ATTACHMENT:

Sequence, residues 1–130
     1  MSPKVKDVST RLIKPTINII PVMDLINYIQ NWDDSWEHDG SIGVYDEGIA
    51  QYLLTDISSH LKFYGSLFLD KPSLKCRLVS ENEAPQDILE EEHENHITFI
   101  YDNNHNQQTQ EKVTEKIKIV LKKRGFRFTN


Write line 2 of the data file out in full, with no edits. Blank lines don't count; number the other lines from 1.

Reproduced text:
     1  MSPKVKDVST RLIKPTINII PVMDLINYIQ NWDDSWEHDG SIGVYDEGIA